The Musi may now be little more than a giant sewer, but that September, 108 years ago, is etched in Hyderabad’s memory.

When the Musi rose in fury Remembering the devastating Hyderabad flood of 1908 Wikimedia Commons
Features Hyderabad flood 1908 Monday, September 26, 2016 - 17:05

Hyderabad has a strange relationship with the month of September. “Golconda fell to Mughal forces in the September of 1687. It was also a bleak day of September in 1911 when the mortal remains of Mahboob Ali Pasha, the 'beloved' Nizam of Hyderabad, were laid to rest at Mecca Masjid,” writes Sajjad Shahid, a heritage activist, in TOI.

But it is September 28 of 1908, when the once mighty Musi overflowed its banks and flooded the city, leaving death and destruction in its wake, that is etched in Hyderabad's memory.

Image: Wikimedia Commons

On the evening of September 26, 108 years ago, the rain began as a harmless drizzle and continued till the night. But by 11.30pm, the light drizzle had turned into a cloudburst, which continued into the morning. By 8 am on September 27, a Sunday, Hyderabad had received six inches of rainfall, writes Syed Akbar, a senior journalist on his blog. While the drizzle continued on and off for the entire day, on Sunday night there was another, more intense cloudburst.

The first warning came around 2am on September 28, when the water from the Musi flowed over the Puranapul bridge, breaching the rampart walls on the western side of the city. By 6am, the water was well above 10 feet, and reached the crown arc of Afzal bridge. In the next three-and-a-half hours, as its panic-stricken residents watched in disbelief, the water rose to 16 feet, overflowing the parapets of Puranapul, Muslimjungpul, Chadarghat and Afzal bridge.

Image: Hans India

The flood began receding by 8pm that day and the receding water revealed thousands of fallen houses, human bodies and animal carcasses in its wake – those which had not been washed away in the deluge. Over 50 colonies were swept away by the water, with the areas of Kosalwadi and Ghansi being the worst hit, where over 4,000 people perished to the fury of the Musi. The total death toll varies with different reports. But the flood affected at least 2,00,000 people, who were left dead or homeless.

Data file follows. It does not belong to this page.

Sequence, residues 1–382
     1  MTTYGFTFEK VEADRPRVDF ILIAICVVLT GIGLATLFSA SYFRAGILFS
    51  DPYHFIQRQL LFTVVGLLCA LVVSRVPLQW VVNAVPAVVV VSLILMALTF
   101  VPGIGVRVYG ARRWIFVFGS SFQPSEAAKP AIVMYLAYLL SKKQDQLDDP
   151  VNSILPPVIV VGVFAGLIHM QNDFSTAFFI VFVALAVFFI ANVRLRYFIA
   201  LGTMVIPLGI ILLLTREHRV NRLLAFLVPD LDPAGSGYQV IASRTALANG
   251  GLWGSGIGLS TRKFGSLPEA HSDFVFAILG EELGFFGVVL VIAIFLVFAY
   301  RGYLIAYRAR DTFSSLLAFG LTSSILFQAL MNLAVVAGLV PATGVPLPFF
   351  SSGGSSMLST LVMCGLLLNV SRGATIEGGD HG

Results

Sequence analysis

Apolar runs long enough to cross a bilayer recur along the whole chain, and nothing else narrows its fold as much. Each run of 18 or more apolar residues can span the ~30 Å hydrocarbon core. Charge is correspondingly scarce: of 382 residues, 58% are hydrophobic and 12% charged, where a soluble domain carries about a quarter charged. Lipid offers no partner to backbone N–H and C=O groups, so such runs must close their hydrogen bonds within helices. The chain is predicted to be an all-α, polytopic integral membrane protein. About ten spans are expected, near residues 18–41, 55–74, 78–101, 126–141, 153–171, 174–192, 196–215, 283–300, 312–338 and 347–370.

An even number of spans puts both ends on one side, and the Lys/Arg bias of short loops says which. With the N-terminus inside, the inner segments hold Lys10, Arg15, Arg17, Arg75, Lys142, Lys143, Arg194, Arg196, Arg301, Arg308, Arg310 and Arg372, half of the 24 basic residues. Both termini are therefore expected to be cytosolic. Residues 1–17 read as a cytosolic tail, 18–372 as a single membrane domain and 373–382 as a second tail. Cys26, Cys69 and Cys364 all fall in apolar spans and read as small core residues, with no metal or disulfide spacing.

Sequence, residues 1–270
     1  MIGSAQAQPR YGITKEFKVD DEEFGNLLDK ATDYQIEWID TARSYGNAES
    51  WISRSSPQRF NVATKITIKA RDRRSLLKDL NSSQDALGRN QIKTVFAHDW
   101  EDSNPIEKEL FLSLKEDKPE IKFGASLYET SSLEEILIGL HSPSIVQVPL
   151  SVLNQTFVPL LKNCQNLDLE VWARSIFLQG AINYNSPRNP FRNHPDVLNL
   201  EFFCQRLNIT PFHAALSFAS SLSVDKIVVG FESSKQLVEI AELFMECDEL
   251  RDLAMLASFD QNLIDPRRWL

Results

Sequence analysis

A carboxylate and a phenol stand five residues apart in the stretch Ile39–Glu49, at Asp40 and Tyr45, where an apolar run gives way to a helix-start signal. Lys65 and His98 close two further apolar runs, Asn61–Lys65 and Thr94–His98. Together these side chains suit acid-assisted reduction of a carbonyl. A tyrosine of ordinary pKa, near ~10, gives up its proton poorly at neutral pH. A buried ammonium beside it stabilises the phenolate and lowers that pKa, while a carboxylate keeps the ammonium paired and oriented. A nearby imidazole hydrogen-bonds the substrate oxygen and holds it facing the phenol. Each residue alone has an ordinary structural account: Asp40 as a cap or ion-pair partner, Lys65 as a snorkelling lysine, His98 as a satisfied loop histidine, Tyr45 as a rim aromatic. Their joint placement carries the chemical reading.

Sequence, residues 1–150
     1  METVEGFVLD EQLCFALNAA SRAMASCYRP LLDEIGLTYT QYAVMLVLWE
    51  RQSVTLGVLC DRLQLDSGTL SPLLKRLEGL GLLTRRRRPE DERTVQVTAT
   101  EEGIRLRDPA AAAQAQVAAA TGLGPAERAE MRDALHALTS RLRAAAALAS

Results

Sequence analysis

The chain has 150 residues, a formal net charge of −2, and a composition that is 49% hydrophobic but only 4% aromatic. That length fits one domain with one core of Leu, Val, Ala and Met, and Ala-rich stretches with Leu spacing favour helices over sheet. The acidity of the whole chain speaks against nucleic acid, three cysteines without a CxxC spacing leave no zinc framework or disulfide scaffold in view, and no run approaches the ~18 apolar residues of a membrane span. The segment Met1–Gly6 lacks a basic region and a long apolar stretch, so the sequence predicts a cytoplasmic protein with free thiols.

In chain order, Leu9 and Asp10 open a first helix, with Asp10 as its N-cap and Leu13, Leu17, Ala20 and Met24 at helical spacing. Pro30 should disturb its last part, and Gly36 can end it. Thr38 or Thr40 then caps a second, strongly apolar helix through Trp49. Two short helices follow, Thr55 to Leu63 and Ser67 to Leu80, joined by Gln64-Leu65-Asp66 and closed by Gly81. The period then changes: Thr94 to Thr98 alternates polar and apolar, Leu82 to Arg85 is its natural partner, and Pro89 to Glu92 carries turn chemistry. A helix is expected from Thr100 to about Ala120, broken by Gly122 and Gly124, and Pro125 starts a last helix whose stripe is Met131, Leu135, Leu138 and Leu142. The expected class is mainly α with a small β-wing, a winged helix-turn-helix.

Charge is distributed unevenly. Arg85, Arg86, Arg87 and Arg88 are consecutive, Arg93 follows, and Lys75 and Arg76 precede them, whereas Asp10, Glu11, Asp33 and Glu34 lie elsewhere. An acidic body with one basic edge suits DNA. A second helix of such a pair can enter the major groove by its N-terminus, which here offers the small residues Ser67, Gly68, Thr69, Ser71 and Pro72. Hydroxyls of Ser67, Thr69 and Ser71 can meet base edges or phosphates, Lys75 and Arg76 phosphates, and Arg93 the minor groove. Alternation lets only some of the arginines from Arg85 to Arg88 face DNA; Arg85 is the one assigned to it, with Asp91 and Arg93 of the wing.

Images: Hans India

The Nizam of Hyderabad, Mir Mehboob Ali Khan, took to the streets to survey the damage and as Sarojini Naidu writes in her poem ‘The tears of Asif’, broke down in full public view at the sight before him. Mohammad Saifullah, noted historian in Hyderabad told Gulf News that the Nizam donated Rs 4.5 lakh (today’s value equivalent of Rs 5 billion) for repairs and fed about 80,000 people for three months following the disaster.

Image: Wikimedia Commons

Amidst the tragedy, there stands out the heartwarming story of the tamarind tree at the Osmania Hospital Complex, which saved at least 150 lives that day. Over 300 years old now, the tree provided refuge to many who clung to its branches watching the water wreak havoc beneath them.

Urdu poet Amjad Hyderabadi, who was one of the people saved by the tree later penned “Qayamat-e-Soghra”, a poem about watching his mother, wife and daughter being washed away in the flood.

More than a century later, the once mighty Musi has now been reduced to a giant sewer, thanks to indiscriminate urbanisation and a lack of urban planning. But while the Musi may not be overflowing its banks, the flooding in Hyderabad is another testament to the cost of unplanned growth.  


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